The cave you fear to enter holds the treasure you seek.

Entering the cave of your wounds

In Roman mythology, staying innocent was not something to be proud of. An innocent (in Latin, that was puer for a young male or puella for a young female) was someone who had not yet faced and dealt with the wounds in his or her life.

Since we all get wounded by life, to remain an innocent meant that a person was refusing to face the wounds that already exist. They are remaining in life’s shallows, avoiding life’s difficulties and challenges, and ignoring the baggage they are carrying around (and inflicting on others).

Mythological heroes, on the other hand, always arose from those who were wounded and who had the courage to face and deal with those wounds. They were no longer innocent and avoiding the pain; they faced it head-on.

It was the facing of their wounds that made those wounds into sacred wounds that became sources of transformation and growth. It was the dealing with the pain in their lives that enabled them to become heroes.

Joseph Campbell, a student of mythology, echoes this in the opening quote: “The cave you fear to enter holds the treasure you seek.”

Our transformation from pain-denying, shallow innocents into the heroes and heroines of our own stories is the treasure we find when we enter that “cave” of pain and suffering that comes from facing our deepest wounds.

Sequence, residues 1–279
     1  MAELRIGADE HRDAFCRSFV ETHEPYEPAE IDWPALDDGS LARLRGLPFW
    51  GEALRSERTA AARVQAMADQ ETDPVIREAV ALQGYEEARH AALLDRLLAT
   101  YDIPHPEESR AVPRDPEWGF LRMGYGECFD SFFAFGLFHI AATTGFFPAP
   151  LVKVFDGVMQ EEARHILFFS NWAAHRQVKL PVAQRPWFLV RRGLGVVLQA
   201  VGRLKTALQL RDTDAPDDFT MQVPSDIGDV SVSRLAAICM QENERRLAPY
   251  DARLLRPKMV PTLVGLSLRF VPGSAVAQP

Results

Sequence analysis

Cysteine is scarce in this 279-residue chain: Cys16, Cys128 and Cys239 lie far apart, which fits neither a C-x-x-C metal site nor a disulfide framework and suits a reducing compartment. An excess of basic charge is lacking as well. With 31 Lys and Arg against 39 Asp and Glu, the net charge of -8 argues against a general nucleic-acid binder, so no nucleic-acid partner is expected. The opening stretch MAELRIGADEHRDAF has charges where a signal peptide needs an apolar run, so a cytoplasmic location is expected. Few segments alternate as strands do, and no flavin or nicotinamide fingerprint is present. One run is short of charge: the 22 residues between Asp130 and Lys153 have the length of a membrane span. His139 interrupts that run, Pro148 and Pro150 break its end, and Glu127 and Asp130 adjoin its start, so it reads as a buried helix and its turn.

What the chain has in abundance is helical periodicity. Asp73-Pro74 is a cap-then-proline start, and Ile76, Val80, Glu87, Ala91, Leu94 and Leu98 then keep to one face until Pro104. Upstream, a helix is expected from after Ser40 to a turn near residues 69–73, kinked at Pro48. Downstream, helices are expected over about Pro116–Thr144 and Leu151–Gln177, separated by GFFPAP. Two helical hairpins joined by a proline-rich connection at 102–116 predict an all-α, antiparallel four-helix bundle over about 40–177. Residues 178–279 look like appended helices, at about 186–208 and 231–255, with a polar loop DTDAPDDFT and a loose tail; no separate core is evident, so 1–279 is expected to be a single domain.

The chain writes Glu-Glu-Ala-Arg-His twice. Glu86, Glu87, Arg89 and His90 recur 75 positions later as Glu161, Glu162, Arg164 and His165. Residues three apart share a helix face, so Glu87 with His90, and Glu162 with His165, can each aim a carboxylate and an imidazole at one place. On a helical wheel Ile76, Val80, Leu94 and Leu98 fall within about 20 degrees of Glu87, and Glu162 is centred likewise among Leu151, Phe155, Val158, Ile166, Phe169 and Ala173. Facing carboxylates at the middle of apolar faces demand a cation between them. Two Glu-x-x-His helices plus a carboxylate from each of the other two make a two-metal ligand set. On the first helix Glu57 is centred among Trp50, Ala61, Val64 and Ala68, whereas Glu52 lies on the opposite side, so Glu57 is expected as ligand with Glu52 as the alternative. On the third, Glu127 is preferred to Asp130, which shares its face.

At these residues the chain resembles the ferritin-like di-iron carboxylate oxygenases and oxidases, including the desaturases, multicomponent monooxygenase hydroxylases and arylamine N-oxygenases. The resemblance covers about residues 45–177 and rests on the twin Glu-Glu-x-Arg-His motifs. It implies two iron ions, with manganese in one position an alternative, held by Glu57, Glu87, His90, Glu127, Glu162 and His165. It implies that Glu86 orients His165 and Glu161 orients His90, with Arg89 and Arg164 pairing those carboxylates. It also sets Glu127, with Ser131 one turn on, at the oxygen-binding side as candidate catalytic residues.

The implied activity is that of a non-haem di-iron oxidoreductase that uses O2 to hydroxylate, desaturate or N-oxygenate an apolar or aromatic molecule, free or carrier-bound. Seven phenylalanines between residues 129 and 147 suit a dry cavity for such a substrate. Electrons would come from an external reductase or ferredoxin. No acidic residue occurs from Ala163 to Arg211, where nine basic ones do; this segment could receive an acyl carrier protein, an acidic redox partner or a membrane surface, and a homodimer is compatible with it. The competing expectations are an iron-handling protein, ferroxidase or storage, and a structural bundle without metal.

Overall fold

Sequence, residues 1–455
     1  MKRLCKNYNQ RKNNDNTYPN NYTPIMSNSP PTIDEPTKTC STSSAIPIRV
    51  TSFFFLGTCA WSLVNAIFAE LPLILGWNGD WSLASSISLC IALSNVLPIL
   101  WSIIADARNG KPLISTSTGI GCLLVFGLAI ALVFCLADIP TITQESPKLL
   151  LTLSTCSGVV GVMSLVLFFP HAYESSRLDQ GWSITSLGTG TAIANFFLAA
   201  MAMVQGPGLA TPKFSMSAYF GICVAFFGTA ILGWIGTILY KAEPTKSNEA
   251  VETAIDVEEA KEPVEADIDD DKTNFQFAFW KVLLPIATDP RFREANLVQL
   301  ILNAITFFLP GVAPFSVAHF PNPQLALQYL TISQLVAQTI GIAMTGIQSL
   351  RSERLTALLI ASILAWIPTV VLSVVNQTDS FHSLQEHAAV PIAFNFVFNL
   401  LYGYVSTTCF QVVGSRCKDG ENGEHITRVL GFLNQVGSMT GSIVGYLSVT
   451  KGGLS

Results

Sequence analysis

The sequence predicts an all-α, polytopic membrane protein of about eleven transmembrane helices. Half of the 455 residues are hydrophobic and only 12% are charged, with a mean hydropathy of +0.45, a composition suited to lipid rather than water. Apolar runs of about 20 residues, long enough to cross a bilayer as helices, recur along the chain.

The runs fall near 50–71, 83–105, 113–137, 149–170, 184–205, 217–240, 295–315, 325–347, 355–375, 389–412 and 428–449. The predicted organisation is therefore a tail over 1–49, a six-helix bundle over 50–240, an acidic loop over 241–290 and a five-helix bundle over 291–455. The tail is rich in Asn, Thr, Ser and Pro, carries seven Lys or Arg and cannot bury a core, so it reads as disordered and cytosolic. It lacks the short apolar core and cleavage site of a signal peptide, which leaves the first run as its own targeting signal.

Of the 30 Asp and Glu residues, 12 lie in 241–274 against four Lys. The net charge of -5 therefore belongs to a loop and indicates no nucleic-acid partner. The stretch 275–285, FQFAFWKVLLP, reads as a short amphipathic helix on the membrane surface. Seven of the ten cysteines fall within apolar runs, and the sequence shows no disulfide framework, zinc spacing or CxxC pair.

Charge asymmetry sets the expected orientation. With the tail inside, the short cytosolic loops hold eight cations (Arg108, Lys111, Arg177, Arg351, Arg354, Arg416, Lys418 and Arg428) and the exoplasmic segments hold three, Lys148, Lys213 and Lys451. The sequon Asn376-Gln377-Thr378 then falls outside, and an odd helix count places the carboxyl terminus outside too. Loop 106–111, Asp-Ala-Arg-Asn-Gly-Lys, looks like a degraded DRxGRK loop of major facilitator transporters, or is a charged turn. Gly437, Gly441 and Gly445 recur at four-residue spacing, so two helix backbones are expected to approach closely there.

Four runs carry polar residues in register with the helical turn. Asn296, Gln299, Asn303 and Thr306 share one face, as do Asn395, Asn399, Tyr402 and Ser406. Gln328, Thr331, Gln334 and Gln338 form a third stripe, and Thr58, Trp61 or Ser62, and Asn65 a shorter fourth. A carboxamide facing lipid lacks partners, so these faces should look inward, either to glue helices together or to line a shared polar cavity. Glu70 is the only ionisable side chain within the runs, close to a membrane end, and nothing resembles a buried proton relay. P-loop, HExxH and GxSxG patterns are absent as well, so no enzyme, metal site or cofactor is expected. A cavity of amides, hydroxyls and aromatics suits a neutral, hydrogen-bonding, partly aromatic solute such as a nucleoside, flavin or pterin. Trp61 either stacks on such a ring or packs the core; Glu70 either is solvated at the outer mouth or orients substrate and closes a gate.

This is the very same kind of treasure we talk about with the gold of kintsugi, and it’s true in much more than the myths.

Theodore Roosevelt put it this way:

“Nothing in the world is worth having or worth doing unless it means effort, pain, difficulty. I have never in my life envied a human being who led an easy life. I have envied a great many people who led difficult lives and led them well.”

Think of the people you admire most, the heroes and heroines you know in real life. Inevitably, we admire them because of the courage and ability they show in dealing with the challenges life has given them, not because they had life easy. It gives them depth and character that can be found nowhere else.

Facing our wounds is very much like entering a cave we fear to enter. There are potentially monsters and suffering and dragons to be found within. It’s frightening and uncomfortable and seemingly avoidable.

It’s also the place where we will find our greatest treasure.

What caves in your life have you been afraid to enter?

Will you leave your “innocence” behind and allow yourself to become the hero(ine) of your life by entering that cave and finding your treasure?

 

Image adapted from one shared by Three-shots from Pixabay


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